Before being deflated by the Supreme Court
, Aereo's solution to broadband TV viewing received plenty of attention in the press for the disruptive precedent, but it received significantly less attention from actual users in the real world. In paperwork filed with the U.S. Copyright Office, Aereo this week finally revealed subscriber numbers: just 77,596 subscribers overall
at the end of last year. 27,000 of those subscribers were in New York City, with 12,000 subscribers in Boston, and 10,000 in Atlanta. Earlier this year Aereo ran out of New York City
, leading CEO Chet Kanojia to insist his infrastructure in NYC could support 350,000 potential subscribers
Get it off your chest and into the comment section below.
Comcast released the company's earnings report
this morning, and while the company continues to make more than healthy profits (quarterly net income of almost $2 billion on revenues of $16.84 billion), the company's quarter video subscriber losses (144,000) were greater than Wall Street predicted.
Two straight quarters of subscriber growth had led analysts to think that Comcast had reversed the industry trend of cable defections, and the 144,000 reductions is the worst quarterly loss in a year.
Verizon's second quarter earnings
once again topped Wall Street expectations as the company posted a net income of $4.32 billion on revenues of $31.48 billion. The company added 1.4 million postpaid wireless connections on the quarter, most of which were tablet customers taking advantage of the company's shared data plans.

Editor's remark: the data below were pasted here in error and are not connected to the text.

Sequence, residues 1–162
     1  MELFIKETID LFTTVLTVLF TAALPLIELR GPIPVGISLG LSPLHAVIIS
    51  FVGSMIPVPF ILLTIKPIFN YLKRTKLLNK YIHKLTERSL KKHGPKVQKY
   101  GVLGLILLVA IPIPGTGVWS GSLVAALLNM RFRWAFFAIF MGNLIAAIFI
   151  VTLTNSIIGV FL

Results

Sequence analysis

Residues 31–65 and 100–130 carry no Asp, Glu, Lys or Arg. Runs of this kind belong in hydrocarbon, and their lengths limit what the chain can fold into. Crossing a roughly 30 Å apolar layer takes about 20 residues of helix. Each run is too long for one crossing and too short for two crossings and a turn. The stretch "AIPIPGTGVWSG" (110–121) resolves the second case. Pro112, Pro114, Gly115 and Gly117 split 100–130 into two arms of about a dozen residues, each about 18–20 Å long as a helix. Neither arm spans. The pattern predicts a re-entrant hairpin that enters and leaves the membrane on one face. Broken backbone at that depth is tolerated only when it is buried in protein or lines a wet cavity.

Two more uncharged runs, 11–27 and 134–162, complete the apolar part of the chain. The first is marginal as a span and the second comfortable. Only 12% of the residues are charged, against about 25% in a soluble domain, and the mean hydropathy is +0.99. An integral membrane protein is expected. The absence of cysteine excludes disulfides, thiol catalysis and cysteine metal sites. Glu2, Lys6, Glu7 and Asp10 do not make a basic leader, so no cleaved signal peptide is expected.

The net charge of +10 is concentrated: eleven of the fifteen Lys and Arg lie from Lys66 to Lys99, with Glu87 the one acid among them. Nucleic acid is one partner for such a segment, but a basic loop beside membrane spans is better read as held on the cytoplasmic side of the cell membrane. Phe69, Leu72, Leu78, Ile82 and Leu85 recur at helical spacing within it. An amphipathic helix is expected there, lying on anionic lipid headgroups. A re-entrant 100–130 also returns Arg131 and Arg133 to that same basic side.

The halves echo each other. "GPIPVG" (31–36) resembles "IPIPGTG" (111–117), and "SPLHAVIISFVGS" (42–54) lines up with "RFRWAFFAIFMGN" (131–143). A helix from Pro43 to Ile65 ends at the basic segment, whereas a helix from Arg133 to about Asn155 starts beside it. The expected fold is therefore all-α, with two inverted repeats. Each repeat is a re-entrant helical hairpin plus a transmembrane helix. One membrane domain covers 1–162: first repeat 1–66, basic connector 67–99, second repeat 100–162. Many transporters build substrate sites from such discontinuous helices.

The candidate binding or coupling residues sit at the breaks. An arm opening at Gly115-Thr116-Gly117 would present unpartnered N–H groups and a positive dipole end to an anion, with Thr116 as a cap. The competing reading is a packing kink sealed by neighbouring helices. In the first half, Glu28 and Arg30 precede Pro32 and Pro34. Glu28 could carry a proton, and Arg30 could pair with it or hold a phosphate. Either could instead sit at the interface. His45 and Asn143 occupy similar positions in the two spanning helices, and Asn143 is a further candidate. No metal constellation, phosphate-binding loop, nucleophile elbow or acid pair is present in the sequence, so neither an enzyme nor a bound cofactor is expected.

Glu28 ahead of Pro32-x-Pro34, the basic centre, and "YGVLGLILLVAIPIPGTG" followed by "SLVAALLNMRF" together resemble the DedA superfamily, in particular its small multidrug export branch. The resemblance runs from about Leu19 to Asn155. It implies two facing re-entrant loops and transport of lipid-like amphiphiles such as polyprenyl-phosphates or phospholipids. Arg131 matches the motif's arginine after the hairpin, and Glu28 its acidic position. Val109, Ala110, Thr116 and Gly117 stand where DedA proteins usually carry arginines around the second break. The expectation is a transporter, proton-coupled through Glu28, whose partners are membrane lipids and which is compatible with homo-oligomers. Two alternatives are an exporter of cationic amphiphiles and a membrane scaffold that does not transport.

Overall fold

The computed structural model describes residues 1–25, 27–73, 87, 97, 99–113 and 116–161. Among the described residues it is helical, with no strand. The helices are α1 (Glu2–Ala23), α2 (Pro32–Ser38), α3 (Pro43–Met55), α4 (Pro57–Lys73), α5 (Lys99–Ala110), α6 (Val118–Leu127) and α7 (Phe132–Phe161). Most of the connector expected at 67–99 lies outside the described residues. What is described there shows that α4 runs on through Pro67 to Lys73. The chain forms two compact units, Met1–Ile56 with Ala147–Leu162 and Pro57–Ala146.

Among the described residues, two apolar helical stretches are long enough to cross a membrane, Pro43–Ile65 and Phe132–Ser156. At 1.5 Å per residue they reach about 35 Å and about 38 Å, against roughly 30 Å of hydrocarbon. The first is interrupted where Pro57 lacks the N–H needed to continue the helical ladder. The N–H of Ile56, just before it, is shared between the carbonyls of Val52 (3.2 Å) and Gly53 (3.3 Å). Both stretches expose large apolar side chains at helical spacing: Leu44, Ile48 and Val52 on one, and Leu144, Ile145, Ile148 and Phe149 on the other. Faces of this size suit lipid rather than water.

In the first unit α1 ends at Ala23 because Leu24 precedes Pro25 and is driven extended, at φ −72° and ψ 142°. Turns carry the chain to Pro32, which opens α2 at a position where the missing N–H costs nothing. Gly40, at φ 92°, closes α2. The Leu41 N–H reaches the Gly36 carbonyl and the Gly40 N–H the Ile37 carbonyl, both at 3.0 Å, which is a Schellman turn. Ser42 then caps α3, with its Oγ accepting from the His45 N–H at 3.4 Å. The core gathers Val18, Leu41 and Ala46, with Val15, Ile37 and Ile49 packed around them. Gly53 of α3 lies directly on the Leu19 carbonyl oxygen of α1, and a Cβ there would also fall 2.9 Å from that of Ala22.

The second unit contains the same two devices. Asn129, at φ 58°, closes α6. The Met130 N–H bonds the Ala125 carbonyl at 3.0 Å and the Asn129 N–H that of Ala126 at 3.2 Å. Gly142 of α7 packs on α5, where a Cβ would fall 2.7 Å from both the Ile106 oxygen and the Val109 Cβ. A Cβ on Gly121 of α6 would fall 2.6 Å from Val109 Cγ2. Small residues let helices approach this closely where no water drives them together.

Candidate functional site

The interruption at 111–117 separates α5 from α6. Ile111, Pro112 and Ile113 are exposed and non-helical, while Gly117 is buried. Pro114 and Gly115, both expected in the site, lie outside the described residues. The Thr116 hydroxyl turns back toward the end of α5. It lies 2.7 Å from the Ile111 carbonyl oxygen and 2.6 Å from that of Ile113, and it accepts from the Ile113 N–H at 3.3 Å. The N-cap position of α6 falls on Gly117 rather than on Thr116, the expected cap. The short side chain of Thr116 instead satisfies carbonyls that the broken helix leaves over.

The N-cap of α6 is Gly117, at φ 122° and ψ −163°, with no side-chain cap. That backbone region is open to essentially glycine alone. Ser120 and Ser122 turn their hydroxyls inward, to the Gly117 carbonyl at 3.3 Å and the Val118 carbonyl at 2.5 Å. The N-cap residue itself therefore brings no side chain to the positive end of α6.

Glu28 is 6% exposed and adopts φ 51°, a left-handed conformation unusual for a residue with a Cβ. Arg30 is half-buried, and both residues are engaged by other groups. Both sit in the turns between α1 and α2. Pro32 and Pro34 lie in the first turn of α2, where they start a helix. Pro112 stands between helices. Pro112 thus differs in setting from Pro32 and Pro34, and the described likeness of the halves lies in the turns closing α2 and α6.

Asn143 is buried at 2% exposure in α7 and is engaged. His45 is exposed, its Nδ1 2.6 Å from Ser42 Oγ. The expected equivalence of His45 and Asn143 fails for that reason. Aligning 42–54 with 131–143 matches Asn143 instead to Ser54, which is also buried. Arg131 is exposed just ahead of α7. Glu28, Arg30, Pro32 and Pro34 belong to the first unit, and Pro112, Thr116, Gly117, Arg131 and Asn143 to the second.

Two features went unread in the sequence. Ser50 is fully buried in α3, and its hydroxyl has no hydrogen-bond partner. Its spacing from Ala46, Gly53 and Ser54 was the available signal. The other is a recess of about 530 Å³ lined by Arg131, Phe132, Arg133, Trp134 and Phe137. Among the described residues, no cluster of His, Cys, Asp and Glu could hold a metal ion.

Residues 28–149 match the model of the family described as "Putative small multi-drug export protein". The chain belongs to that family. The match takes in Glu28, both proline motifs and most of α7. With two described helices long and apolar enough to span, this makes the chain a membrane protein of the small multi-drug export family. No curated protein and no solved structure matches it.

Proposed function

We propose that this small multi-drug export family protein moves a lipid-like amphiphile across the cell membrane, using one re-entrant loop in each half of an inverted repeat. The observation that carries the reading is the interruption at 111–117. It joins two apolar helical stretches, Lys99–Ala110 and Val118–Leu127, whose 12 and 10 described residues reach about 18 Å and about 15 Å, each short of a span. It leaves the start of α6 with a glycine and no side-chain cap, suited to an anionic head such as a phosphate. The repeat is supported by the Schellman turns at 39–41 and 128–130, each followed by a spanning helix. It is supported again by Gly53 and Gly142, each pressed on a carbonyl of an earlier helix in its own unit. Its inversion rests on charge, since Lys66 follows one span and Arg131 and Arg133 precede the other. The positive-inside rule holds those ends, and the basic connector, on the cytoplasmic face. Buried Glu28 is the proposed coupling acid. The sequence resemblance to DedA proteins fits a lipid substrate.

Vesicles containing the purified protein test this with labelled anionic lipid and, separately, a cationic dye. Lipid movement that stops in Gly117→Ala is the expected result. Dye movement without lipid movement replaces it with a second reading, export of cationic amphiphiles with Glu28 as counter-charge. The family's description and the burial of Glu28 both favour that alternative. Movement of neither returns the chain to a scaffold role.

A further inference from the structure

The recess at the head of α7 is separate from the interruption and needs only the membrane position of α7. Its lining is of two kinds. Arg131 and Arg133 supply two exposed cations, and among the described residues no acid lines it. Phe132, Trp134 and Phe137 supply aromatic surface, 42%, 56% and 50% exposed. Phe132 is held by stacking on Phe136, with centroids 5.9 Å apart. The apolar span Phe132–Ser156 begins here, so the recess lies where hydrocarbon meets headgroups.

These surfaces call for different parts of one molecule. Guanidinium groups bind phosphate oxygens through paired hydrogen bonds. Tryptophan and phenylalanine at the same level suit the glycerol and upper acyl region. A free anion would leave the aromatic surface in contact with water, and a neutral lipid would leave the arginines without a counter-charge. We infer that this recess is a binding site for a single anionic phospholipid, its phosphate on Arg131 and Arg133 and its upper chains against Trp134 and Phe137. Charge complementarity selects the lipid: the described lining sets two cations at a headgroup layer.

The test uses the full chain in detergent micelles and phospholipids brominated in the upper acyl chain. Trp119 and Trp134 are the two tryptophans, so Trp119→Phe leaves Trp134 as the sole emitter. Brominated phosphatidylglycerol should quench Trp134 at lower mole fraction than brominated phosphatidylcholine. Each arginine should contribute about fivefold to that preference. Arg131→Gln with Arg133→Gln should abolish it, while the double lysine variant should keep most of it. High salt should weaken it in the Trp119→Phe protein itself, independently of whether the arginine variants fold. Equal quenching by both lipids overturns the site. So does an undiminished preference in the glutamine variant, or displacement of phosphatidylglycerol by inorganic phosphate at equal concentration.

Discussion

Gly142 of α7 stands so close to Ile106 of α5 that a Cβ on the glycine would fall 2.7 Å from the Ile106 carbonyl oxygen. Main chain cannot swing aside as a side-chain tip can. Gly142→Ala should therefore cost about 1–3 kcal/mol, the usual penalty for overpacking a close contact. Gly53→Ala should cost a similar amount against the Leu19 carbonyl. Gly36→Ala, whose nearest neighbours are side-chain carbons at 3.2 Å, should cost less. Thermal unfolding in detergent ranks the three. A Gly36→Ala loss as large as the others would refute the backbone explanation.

While Verizon's legal victory over the FCC did gut the agency's net neutrality rules, it kept some of the FCC's authority over ISPs intact -- specifically the agency's transparency rules
-- which require that ISPs be straightforward about the "network management practices, performance, and commercial terms" of their broadband services.
In a statement issued today
, the FCC "reminded" wireline and wireless ISPs alike that those rules are still intact and need to be adhered to, lest the agency lightly slap a wrist or two -- maybe.
Google announced back in February
that they were working with 34 potential new Google Fiber cities, requesting those cities fill out and agree to a fiber ready checklist
to make installation easier. Speaking on the company's earnings call last week
, Google SVP and CFO Patrick Pichette stated that the economics behind Google Fiber continue to improve, and that their work with those 34 cities continues. "Over the coming months we’ll actually be going through all of the details with them, whether it would be right away or permitting or otherwise, and that’s what we’re going to use to make decisions as to how broad a program will have," states Pichette. It remains entirely unclear how many of those 34 cities will actually see future Google Fiber builds.
After spending millions of dollars
over countless years on plans to implement "three strikes" anti-piracy measures on the ISP level, the UK government has finally come to the conslusion that having ISPs play content nanny does little to deter piracy. Instead of previous, more aggressive plans to boot repeat offenders off of the Internet, a new plan taking effect in 2015
would simply warn users four times that they're violating copyright -- with no follow up punishment:
Starting in 2015, persistent file-sharers will be sent four warning letters explaining their actions are illegal, but if the notes are ignored no further action will be taken. The scheme, named the Voluntary Copyright Alert Programme (VCAP), is the result of years of talks between ISPs, British politicians and the movie and music industries. The UK’s biggest providers – BT, TalkTalk, Virgin and Sky – have all signed up to VCAP, and smaller ISPs are expected to follow suit.
The UK's approach now more closely approaches the six strikes anti-piracy practices now established in the States
, where users are bombarded with "education material" and warned several times about copyright abuses, but are never disconnected -- with offenses untracked as users move between ISPs.
The concern now is that these data collection efforts will ultimately be used for either fines or legal action down the road as the entertainment industry pushes for expansion of these programs into the sort of heavy-handed territory they originally envisioned.